When Tzŭ Kung
- See ch. vi.
went south to the Ch'u State on his way back to the Chin State, he passed through Han-yin. There he saw an old man engaged in making a ditch to connect his vegetable garden with a well. He had a pitcher in his hand, with which he was bringing up water and pouring it into the ditch,—great labour with very little result.
"If you had a machine here," cried Tzŭ Kung, "in a day you could irrigate a hundred times your present area. The labour required is trifling as compared with the work done. Would you not like to have one?"
"What is it?" asked the gardener.
"It is a contrivance made of wood," replied Tzŭ Kung, "heavy behind and light in front. It draws up water as you do with your hands, but in a constantly overflowing stream. It is called a well-sweep."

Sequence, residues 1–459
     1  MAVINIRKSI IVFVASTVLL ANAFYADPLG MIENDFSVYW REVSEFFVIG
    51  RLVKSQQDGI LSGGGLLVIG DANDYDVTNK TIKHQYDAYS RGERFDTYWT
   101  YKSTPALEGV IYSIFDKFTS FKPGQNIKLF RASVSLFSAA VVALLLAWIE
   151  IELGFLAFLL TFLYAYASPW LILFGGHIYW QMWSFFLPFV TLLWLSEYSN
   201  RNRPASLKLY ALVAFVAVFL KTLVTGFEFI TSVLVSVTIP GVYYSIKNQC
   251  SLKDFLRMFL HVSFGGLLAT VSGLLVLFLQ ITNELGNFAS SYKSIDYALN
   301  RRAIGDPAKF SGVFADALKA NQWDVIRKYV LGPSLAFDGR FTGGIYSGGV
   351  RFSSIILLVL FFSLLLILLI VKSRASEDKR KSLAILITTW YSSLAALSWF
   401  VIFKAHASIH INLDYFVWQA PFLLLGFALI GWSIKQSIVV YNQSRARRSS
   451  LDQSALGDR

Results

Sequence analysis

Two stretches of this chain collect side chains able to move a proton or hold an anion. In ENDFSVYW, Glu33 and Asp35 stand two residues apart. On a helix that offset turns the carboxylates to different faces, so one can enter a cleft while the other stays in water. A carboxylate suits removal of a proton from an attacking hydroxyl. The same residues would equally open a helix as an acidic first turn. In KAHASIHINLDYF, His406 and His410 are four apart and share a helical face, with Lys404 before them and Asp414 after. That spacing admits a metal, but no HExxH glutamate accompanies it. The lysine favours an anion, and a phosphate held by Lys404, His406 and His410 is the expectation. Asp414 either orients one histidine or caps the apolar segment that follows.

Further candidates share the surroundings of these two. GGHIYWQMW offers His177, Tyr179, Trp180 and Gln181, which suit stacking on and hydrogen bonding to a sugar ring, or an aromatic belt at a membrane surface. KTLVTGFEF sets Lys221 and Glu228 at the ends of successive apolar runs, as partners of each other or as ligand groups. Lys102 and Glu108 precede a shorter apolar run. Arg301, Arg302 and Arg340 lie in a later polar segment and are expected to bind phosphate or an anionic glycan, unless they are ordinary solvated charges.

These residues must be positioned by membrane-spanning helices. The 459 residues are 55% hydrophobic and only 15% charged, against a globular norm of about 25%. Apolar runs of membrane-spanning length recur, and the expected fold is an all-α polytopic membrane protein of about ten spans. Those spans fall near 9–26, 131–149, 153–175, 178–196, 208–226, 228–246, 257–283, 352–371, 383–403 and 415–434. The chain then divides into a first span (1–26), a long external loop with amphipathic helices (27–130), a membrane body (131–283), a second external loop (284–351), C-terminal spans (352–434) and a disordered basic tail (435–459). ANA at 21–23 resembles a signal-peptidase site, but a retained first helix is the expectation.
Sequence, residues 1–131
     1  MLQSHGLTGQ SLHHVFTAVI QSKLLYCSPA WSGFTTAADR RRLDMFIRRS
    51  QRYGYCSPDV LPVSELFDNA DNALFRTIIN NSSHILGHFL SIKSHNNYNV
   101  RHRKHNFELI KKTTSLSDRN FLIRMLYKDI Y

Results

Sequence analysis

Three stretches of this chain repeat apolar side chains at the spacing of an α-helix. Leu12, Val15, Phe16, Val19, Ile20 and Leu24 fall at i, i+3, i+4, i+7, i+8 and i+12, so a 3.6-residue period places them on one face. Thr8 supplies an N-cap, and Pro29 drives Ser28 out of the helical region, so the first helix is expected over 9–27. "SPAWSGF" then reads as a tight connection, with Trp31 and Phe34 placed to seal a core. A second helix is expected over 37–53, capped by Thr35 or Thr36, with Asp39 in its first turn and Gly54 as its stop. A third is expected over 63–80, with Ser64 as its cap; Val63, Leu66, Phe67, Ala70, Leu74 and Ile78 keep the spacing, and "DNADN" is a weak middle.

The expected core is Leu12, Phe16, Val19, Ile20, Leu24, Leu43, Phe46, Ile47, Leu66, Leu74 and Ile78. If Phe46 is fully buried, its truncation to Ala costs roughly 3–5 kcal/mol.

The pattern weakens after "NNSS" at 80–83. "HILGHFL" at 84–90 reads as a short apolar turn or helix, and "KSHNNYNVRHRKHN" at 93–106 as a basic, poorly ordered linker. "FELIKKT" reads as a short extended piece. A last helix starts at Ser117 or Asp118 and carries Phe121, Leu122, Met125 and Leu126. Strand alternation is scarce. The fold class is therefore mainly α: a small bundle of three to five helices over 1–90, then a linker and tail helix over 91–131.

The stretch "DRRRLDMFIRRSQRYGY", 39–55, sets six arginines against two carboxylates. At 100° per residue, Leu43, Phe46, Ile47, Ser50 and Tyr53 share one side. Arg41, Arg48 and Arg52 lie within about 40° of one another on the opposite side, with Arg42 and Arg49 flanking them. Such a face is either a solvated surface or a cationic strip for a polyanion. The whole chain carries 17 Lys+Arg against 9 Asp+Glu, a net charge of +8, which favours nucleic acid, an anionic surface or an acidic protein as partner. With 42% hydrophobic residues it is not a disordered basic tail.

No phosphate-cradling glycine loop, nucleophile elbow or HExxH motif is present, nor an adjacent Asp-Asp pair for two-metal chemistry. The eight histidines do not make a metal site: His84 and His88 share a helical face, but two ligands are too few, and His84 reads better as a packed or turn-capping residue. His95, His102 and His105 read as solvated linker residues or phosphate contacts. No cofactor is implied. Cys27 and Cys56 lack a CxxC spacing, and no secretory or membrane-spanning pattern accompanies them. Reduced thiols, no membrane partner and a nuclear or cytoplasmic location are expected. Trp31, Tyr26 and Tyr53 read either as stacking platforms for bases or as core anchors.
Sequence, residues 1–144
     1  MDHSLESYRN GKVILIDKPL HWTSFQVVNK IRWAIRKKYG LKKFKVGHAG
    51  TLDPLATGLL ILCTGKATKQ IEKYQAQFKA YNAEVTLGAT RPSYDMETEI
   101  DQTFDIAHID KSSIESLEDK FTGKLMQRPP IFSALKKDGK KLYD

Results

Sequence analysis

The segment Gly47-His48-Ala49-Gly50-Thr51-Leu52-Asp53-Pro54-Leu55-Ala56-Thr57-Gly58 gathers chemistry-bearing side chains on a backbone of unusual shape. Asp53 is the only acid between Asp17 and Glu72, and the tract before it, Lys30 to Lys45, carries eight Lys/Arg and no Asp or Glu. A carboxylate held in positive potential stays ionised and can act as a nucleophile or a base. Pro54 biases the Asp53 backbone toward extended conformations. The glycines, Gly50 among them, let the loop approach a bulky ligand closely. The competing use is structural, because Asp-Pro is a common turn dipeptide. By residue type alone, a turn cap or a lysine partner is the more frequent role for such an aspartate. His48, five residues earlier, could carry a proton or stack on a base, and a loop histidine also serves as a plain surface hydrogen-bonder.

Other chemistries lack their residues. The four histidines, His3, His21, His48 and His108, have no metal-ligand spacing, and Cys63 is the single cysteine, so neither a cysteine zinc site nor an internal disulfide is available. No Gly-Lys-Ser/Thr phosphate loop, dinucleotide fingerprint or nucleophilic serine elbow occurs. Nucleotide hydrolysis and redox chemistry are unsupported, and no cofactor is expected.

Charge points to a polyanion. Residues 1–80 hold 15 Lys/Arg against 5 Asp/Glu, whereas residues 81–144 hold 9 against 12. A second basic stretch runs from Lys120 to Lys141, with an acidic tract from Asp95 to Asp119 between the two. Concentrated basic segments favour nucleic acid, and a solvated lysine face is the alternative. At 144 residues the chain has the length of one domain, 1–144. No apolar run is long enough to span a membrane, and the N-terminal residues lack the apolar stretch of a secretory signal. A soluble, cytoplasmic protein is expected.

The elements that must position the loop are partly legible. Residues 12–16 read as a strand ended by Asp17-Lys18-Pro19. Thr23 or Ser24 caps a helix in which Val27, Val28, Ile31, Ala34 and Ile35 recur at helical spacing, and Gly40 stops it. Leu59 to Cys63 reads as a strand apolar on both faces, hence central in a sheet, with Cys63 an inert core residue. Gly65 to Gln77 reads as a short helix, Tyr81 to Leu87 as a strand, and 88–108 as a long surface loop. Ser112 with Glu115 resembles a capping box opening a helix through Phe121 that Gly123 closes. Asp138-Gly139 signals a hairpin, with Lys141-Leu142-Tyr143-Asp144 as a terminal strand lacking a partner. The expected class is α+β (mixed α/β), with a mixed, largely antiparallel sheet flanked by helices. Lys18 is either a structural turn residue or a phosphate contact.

- Still used all over China.
Thereupon the gardener flushed up and said, "I have heard from my teacher that those who have cunning implements are cunning in their dealings, and that those who are cunning in their dealings have cunning in their hearts, and that those who have cunning in their hearts cannot be pure and incorrupt, and that those who are not pure and incorrupt are restless in spirit, and that those who are restless in spirit are not fit vehicles for Tao.